• The Art of Charm – 80,000 downloads per episode.  This is one of the top 40 podcasts in the world.
  • Hair Dressers Unite! – 200 to 300 downloads per episode.
  • Business From Home Podcast – 80 to 90 listens per episode even while in the new and noteworthy section.  The show fizzled out.
  • Tripod PodcastVariable between 10,000 and 25,000 downloads.  This show varies quite a lot depending on how the show performs as a youtube video.  If a particular episode is amenable to video as well as audio, the video episode often does very well.  This is one of my podcasts.
  • School of Podcasting – 1,200 to 2,000 downloads per episode (reported a couple years ago).  This is an excellent podcast with great information and is worth a listen.
  • Ding Dong Podcast – 500 downloads per episode
  • Religion Answers Podcast – 200 downloads per episode.  This show had two hosts who talked about religion.  The content of the show was good, but the show simply didn’t gain traction.  The hosts were just never quite sure how to get the show in front of a larger audience.
  • The Audacity to Podcast – 7,500 downloads per episode according to this post.  This is for a popular show which has been running for years.
  • Being Honest with My Ex – 700 downloads per episode while in the new and noteworthy section still and 3o episodes.
  • Portrait Session Podcast –  5,000 downloads per episode.  This is one of the podcasts that is done by excellent independent hosts on my podcast network.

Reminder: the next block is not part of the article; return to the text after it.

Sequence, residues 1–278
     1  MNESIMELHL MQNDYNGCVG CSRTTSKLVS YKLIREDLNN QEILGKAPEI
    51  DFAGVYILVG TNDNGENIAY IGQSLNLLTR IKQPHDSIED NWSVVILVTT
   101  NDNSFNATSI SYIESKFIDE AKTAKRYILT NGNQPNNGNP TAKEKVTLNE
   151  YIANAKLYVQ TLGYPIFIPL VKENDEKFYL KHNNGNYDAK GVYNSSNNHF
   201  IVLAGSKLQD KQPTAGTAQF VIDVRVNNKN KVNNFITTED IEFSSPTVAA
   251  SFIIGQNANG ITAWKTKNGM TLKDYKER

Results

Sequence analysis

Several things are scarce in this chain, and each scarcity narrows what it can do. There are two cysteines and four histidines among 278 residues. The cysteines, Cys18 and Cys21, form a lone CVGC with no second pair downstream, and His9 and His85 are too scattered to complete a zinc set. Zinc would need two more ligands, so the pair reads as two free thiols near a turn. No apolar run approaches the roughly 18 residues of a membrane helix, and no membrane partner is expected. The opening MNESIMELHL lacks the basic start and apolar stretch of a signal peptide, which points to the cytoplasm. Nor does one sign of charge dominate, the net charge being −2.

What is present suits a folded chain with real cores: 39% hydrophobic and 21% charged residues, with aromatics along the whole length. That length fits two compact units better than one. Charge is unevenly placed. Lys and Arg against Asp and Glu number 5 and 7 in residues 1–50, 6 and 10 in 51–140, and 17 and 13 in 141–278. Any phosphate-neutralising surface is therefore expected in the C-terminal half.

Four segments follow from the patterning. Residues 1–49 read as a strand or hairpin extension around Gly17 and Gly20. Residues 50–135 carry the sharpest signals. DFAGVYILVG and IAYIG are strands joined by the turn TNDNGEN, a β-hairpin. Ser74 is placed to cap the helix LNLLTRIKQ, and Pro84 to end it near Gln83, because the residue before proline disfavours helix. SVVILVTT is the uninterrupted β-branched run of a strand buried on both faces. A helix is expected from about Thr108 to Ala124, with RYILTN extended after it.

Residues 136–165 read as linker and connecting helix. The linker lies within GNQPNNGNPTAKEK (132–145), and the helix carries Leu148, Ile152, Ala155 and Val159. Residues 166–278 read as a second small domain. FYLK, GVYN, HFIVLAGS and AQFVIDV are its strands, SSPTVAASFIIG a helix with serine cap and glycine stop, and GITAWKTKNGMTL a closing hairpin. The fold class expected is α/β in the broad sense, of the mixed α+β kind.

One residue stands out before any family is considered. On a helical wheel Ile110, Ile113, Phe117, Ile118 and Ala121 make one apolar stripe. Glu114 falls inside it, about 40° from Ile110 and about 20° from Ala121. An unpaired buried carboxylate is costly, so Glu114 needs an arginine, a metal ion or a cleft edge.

Note, while all of the above examples are real, some of the names of the podcasts have been changed for privacy reasons since I didn’t ask permission from some of the people before posting.


Podcasts are Booming, But Downloads are Declining for New Shows

There are tons of podcasting courses out there today filling entrepreneurs’ heads with the idea that podcasting is basically a huge gold rush.  It really isn’t–at all.  The truth is that when I launched a podcast several years ago, I could expect 1,000 downloads per episode just by being on new and noteworthy.

Now, I’m seeing most new shows without an established audience working really hard to get 200 downloads an episode if you don’t have an established audience.  In 2013, there were 100 podcasts being launched PER DAY on iTunes.  Now, there are more like 350 new shows a day.

[x_skill_bar heading=”Number of new podcast feeds launched per day in 2013″ percent=”330″ bar_text=”100″]

[x_skill_bar heading=”Number of new podcast feeds launched per day in 2016″ percent=”750″ bar_text=”350″]

The market is tough.  If you don’t have a really clever launch strategy using some advanced techniques, you aren’t likely to make it.  Don’t get me wrong.  I think podcasting is amazing.  I just know that the competition is tough, so you really have to up your game in order to make it.

How I Tripled My Podcast Downloads Overnight

I have been frustrated for years by the fact that I spend time preparing for a podcast episode, schedule with others to be guests on the show, and then record the show for an hour and then it only goes out in audio format.  I tried and failed multiple times to create an audio and video version of the show at the same time–but I’ve finally figured it out.